The Visions: Destruction and Restoration
I’ve been having small, personal visions for several years. Mostly they’ve been about my near future. They don’t tell me what’s going to happen so much as different ways to think about what’s going to happen. A few have been foretelling, and some of these have turned out to be true and one has not yet (though I still hold out hope).
My prophetic visions started about three months ago, several weeks before the election. They fall into two categories: destruction and restoration.
I’ve seen huge waves, and a lot of fire. It’s not lost on me that water and fire are the two baptisms (Matthew 3:11). And even the visions of destruction do not indicate annihilation. I have been repeatedly assured that I will be okay. And in the most recent one, I was assured that all who “dwell in the Kingdom” will not be harmed.
But what does it mean to “be okay”? I’m well aware that I could lose all my earthly possessions and still be okay. This semester, I also read the words of the 2nd century Christian, Justin Martyr: “You can kill us, but not hurt us.” So it’s not safe to say that I (or we) will navigate what’s coming without challenge or loss. But we will not be harmed. God loves us. This is not about punishment, it’s about discipline. God is becoming more insistent that we follow his commandments because he loves us.
“He disciplines us for our good, so that we may share His holiness. All discipline for the moment seems not to be joyful, but sorrowful; yet to those who have been trained by it, afterwards it yields the peaceful fruit of righteousness.” (Hebrews 12:10b-11)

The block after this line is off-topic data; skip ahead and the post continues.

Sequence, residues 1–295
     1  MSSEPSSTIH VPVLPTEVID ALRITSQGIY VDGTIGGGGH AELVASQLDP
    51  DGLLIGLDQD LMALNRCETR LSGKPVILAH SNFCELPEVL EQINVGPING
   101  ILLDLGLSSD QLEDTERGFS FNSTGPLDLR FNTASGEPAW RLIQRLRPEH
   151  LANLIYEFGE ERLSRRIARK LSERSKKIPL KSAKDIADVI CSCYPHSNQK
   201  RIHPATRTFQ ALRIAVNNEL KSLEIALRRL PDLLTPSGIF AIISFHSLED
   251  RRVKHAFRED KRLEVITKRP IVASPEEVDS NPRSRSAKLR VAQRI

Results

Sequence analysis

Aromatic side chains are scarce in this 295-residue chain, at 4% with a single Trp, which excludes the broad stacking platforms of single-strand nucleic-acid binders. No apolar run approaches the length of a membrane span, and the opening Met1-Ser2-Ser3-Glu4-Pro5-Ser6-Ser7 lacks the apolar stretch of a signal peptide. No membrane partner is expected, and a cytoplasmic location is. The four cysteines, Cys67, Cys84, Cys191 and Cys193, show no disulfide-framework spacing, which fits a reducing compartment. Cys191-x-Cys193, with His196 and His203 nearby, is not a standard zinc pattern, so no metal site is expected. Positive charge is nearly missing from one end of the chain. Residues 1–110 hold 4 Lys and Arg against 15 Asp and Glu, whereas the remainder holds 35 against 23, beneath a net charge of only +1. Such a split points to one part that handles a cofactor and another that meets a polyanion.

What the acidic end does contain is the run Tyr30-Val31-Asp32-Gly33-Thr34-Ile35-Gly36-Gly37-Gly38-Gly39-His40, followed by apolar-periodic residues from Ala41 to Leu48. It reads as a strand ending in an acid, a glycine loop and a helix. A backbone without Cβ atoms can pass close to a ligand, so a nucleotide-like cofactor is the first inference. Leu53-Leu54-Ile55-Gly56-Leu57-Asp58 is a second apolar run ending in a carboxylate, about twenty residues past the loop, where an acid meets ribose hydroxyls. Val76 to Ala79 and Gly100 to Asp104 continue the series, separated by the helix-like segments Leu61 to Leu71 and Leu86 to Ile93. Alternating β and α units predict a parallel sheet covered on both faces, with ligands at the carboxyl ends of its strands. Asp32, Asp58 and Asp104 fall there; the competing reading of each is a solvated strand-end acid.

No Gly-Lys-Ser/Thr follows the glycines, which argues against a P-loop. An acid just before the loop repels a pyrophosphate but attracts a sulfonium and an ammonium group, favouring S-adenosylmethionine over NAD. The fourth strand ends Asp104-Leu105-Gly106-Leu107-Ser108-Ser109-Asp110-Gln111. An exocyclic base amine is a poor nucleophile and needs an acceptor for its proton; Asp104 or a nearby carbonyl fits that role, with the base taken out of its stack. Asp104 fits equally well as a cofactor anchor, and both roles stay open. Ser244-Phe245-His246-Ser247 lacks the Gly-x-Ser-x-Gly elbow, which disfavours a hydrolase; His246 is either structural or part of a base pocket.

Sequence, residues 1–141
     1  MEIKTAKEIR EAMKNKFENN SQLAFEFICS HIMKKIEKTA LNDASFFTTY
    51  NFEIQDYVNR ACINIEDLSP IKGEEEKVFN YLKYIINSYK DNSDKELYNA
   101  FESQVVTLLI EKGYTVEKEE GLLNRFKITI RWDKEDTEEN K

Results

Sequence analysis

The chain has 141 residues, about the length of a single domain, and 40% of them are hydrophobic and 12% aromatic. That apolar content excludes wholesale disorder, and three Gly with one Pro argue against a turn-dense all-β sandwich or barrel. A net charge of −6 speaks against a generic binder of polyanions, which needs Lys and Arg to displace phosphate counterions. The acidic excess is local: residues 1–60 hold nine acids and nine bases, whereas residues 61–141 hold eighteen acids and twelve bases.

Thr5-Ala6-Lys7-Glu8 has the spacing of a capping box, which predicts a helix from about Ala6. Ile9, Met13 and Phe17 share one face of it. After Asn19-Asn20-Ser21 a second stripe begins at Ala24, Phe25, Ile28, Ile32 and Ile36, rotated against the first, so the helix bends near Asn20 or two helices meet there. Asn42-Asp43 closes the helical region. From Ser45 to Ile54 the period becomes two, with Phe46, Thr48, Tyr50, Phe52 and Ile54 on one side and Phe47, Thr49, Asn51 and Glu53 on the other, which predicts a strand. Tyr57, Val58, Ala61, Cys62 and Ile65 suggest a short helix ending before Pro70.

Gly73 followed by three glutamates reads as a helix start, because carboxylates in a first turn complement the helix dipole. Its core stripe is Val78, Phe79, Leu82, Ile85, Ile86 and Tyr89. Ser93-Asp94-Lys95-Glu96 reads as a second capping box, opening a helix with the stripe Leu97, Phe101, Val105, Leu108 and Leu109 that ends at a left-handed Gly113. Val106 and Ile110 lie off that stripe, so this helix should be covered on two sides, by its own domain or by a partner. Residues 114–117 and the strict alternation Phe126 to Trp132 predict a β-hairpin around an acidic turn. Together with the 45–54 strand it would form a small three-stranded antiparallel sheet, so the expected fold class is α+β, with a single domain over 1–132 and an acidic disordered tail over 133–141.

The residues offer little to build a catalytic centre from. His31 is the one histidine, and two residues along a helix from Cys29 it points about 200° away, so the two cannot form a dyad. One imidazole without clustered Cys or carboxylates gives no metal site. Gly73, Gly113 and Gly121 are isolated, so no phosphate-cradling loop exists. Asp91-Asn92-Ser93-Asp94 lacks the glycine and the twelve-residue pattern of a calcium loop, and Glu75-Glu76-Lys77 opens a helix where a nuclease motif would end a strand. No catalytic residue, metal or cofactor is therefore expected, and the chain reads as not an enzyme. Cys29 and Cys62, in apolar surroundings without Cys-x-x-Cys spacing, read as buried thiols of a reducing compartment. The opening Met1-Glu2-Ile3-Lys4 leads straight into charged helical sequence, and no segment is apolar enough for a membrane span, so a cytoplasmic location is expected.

I’ve also received two visions of restoration. In one, I swam through calm water toward a new land as the old one burned behind me. The other vision of restoration was so complex and powerful, I’ll describe it in detail.
I saw Jesus standing in a white robe, and the holes in his hands were radiating white light. In his hands, he held the Earth, which he gazed at with love. His chest burst open, and his blood covered the Earth. Then I began to descend to the Earth, while at the same time I could see a tree sprouting. I somehow knew that it was the Tree of Knowledge (Genesis 2:9), but it had no fruit on it because the fruit had already been eaten. Other trees and vegetation grew also, and then I was sitting in the garden, a new Garden of Eden. I looked up at the sky, and I could still see Jesus’ face there. I asked him, “What does this mean?” He just smiled and didn’t answer. Then I saw an angel in the garden with me. I somehow knew that her name was Hedra (which I looked up later: in Greek it means “face”). I asked her what this meant, and she replied, “You know.” Then a worm came out of the ground and began to consume my body. I asked the angel, “How can I stop this?” She replied, “You brought this on yourself. It is happening because you are mortal.” Then I felt peace, even though my body was being consumed.
As I contemplated the vision, I remembered what Genesis (1:31) tells us: that God saw that the Creation was good. Humanity may have fallen into sin, but the Earth still belongs to God. And to Jesus. “All things came into being through him, and without him not one thing came into being” (John 1:3). We are warned not to love (esteem) the world (1 John 2:15), but we are also reminded that the Earth belongs to God (Psalm 24:1). We should not worship the world, but we should care for it because it is not ours but God’s, and we should treat it as such. And the vision says something else: just as when we are reborn in Christ we don’t get a new body, so the New Earth promised in Revelation 21:1 is formed right here on the old Earth. We shouldn’t be expecting a replacement planet.
I was also struck by the fact that I arrived in Eden in my existing body. The Kingdom begins here, in this existence, and extends beyond into our post-bodily existence.
But most of all, this was an encouraging vision following as it did several other visions of destruction.
I’m not saying that our land will be devastated by fire. My guess is that the visions were more symbolic than literal. But we will be baptized by both water and fire in some figurative sense.
And afterward, if we learn what God wants us to learn, we’ll find a New Eden.